Possession of cocaine, heroin, and other illegal drugs is considered a third-degree felony. Third-degree felonies are much more serious than misdemeanors. Possession of these drugs is punishable by up to five years in jail or a fine of $5,000. Possession of chemicals used to make methamphetamine, GHB or ecstasy is considered a second-degree felony. This charge could land an individual in jail for up to fifteen years, or result in a fine of up to $10,000.
Felony possession of the first-degree is the most serious possession offense possible. It is reserved for Schedule One drugs, such as heroin, found in excess of ten grams. If you are caught with a Schedule One drug you could be sent to prison for up to thirty years.
If you have previous drug possession charges on your record, you can expect to face even higher penalties as a result of your new charge.
Drug possession convictions also typically bring probation and suspension of the driver’s license as an additional penalty. An individual may be ineligible for certain employment and financial aid, and will likely forfeit their right to public housing.
The state of Florida takes drug use and drug possession very seriously, and the penalties outlined above reflect that degree of severity.

What To Do If Charged With Drug Possession

If you’ve been charged with drug possession, there are a few things to keep in mind.
For one, it is crucial that you take your Miranda rights very seriously. Excercise your right to remain silent until you’ve had the opportunity to speak to a lawyer. Officers are trained to extract info from drug possession suspects, and the things you say can be used against you as evidence. It is much better to stay quiet than to attempt to talk your way out of an arrest.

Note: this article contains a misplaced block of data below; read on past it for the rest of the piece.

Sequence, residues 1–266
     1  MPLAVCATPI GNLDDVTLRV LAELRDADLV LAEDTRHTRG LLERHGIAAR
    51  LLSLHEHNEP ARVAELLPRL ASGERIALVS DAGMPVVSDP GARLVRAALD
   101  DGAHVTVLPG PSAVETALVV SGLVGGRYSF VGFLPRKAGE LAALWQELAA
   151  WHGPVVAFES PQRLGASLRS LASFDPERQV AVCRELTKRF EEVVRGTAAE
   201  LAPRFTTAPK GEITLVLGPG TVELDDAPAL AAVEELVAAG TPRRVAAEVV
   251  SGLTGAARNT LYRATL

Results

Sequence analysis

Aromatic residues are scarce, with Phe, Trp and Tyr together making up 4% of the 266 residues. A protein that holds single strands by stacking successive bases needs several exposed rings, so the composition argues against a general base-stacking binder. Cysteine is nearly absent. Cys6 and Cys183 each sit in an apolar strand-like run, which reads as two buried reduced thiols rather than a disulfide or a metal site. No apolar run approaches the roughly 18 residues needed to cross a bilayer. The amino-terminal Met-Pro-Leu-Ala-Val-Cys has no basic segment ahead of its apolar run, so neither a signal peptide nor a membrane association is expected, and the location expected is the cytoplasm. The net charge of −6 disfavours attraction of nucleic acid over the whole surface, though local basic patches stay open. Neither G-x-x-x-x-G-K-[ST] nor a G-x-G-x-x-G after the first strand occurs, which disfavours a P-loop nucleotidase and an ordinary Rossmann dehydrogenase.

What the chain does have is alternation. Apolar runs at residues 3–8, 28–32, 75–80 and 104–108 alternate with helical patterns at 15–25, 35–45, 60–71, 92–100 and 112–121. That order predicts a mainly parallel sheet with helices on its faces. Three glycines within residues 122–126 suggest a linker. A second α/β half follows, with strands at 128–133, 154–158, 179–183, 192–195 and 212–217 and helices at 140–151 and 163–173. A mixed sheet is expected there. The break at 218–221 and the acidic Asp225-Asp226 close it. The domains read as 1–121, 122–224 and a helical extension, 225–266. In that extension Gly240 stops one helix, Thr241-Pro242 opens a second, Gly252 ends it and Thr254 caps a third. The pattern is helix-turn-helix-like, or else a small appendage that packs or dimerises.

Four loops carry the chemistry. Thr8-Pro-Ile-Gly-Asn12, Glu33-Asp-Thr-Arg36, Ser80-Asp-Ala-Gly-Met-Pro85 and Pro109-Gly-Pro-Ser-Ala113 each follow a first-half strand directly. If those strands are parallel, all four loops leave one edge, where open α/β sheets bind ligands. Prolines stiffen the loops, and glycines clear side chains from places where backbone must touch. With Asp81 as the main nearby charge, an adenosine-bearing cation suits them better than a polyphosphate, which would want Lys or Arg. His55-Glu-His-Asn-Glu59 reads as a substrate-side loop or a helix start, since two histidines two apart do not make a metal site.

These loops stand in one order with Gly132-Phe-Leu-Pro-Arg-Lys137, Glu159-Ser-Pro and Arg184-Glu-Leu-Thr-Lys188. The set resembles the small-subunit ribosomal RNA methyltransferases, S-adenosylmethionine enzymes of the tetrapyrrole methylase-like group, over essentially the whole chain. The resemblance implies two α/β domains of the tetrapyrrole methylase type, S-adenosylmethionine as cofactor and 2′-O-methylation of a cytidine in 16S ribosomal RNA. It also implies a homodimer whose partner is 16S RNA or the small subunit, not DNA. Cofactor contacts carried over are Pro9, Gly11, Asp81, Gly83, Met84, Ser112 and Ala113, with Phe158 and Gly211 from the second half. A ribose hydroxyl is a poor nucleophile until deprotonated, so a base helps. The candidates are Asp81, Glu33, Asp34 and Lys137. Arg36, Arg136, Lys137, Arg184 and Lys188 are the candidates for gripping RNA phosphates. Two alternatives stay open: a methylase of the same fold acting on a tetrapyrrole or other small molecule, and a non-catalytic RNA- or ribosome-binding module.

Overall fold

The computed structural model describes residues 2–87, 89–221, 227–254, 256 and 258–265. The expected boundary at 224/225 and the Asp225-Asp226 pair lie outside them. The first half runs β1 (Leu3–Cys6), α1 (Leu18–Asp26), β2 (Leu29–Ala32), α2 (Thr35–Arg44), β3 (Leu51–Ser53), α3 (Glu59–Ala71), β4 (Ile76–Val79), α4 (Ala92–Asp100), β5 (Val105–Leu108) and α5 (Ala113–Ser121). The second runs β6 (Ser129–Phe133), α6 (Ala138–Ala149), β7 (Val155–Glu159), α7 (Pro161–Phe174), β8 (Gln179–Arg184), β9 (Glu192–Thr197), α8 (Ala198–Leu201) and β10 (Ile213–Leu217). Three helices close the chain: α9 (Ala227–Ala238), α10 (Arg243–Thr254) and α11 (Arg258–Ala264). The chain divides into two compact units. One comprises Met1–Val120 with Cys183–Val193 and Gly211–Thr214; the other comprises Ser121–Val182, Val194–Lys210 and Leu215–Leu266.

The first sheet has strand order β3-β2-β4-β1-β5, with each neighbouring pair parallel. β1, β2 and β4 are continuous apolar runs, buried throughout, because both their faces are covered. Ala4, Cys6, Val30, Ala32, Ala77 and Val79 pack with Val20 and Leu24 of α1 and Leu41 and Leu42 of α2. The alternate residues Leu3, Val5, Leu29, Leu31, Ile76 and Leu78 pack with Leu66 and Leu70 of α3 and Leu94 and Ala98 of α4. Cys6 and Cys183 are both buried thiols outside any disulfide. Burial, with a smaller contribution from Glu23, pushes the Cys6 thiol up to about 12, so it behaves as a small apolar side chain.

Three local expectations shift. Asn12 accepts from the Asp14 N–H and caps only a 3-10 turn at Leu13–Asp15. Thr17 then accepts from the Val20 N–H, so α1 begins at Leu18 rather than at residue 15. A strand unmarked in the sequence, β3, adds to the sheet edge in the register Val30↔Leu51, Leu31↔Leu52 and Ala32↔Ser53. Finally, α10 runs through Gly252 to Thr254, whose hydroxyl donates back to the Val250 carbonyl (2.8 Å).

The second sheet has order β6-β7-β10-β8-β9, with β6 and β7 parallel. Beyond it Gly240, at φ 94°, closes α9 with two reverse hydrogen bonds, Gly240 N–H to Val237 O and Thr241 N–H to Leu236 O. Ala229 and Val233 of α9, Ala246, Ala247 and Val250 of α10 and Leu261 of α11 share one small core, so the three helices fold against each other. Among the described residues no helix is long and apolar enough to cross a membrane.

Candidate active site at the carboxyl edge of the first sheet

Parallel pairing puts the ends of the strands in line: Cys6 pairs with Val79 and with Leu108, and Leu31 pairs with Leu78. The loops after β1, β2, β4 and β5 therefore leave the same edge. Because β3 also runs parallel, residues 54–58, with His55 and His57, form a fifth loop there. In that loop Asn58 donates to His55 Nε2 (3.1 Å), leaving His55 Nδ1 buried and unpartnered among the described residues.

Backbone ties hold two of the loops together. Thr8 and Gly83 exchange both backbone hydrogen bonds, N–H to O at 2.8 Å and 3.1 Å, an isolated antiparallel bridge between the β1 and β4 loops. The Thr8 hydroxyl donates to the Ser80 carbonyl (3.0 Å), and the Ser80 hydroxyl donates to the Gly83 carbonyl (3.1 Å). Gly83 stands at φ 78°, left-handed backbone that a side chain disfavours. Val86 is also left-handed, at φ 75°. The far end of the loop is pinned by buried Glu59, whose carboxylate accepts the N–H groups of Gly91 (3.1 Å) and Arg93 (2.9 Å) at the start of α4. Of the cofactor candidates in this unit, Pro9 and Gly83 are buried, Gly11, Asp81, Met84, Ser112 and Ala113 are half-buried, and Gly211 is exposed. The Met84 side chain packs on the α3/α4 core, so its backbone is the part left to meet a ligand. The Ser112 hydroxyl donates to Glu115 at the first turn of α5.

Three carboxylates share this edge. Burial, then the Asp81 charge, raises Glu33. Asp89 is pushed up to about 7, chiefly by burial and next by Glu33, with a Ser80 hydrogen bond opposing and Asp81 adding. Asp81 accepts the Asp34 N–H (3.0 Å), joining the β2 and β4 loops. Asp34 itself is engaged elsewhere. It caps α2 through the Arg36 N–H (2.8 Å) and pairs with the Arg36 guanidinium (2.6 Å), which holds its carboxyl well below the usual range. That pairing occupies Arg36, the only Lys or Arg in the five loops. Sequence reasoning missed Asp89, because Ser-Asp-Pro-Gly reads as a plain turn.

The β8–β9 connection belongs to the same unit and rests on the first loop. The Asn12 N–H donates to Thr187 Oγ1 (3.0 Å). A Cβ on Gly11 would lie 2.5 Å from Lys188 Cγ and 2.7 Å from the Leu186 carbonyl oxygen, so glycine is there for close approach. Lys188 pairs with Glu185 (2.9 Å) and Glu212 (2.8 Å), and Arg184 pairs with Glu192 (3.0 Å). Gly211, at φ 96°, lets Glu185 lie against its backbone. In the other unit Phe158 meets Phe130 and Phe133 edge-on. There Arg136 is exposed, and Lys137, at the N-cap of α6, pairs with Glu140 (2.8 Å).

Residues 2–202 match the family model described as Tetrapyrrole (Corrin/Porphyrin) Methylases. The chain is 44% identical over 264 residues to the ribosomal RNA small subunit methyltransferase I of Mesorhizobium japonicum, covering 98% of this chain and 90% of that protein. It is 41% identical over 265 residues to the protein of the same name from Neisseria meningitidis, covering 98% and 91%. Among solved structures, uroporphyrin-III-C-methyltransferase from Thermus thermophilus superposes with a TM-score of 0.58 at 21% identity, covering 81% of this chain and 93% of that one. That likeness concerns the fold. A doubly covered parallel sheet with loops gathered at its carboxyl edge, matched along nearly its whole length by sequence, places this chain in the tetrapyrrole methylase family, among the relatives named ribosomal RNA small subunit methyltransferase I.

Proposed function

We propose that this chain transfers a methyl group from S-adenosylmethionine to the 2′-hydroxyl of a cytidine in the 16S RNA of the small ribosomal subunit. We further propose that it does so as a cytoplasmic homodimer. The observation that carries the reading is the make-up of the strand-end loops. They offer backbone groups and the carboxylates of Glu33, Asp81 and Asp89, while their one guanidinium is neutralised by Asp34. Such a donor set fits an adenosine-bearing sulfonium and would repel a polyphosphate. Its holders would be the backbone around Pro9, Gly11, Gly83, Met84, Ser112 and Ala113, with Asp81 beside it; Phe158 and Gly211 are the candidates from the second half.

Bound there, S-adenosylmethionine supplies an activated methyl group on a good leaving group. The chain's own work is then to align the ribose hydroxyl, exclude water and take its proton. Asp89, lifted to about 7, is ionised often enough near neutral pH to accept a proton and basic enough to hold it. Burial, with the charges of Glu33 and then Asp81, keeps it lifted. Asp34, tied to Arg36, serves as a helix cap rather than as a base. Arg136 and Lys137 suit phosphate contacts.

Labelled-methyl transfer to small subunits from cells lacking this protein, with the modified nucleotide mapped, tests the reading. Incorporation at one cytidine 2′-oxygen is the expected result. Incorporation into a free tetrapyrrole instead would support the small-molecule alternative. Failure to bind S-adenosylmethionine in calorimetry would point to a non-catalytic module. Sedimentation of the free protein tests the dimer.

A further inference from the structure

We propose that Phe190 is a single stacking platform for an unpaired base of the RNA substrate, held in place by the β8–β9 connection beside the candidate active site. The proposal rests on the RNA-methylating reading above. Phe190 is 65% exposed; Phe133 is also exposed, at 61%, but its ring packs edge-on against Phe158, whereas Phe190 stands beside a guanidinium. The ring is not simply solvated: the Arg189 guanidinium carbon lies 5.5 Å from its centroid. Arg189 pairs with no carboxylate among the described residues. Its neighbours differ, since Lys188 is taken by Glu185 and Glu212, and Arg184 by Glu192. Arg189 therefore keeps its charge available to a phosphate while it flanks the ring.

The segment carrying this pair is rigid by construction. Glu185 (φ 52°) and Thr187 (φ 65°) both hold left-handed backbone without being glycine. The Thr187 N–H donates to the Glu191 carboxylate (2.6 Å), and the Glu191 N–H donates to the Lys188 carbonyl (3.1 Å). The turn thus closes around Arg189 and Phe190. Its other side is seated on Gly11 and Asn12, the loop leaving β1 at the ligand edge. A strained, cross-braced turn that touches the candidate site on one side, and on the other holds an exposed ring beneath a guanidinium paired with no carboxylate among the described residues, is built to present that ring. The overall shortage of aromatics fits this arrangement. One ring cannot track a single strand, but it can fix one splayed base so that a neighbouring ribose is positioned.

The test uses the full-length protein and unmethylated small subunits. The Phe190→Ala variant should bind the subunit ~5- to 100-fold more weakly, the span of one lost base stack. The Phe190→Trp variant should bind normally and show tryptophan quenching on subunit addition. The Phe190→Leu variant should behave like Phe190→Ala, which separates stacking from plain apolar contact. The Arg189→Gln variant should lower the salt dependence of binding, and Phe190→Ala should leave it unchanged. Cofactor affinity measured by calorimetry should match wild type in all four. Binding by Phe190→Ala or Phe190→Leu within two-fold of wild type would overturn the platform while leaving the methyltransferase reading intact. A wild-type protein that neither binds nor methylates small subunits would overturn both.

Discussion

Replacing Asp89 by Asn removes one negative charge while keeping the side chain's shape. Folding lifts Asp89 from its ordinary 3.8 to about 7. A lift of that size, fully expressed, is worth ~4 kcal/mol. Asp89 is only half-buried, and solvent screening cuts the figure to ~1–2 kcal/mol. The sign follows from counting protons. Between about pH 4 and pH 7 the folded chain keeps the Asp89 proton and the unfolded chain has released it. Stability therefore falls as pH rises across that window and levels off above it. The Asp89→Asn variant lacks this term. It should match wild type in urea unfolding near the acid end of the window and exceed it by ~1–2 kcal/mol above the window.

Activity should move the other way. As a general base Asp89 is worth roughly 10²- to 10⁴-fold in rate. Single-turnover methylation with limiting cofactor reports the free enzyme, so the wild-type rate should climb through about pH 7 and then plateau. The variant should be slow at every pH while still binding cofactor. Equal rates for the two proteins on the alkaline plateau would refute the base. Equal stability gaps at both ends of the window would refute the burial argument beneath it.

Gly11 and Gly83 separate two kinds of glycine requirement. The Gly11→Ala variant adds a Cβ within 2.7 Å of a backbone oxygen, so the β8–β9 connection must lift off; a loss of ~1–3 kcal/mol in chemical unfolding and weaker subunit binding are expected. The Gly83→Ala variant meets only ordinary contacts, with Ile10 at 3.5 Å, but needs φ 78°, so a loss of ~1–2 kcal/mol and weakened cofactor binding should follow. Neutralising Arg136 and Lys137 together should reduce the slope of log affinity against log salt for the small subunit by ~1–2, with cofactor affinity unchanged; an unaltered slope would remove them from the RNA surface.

If you’ve been arrested on a misdemeanor possession charge, there may be pretrial intervention programs in which you can enlist. These trial programs set up certain requirements between the individual and the state, to be accomplished in a certain block of time. If these requirements are met, the charges against the individual can be dropped. These intervention programs are typically restricted to those without prior criminal record.
If these programs aren’t available to you, or you were charged with something more serious, you should ensure that you have a lawyer work to defend you.
There may be evidence of unlawful search or seizure by police that can throw a case out of court. A lawyer may be able to prove that an individual was not aware or in control of drugs found in a home or car. A lawyer may also be able to argue against crime lab protocols used to present evidence. The proper defense for you is likely dependent on the specifics of your case.

We’re Here To Help

Florida drug laws can be hard to handle and tricky to follow. If you’re facing drug possession charges in the state of Florida, having a knowledgeable attorney on your side can make all the difference.
Whatever your charge, the Grieco Law Center is here for you. Contact us anytime for a free consultation.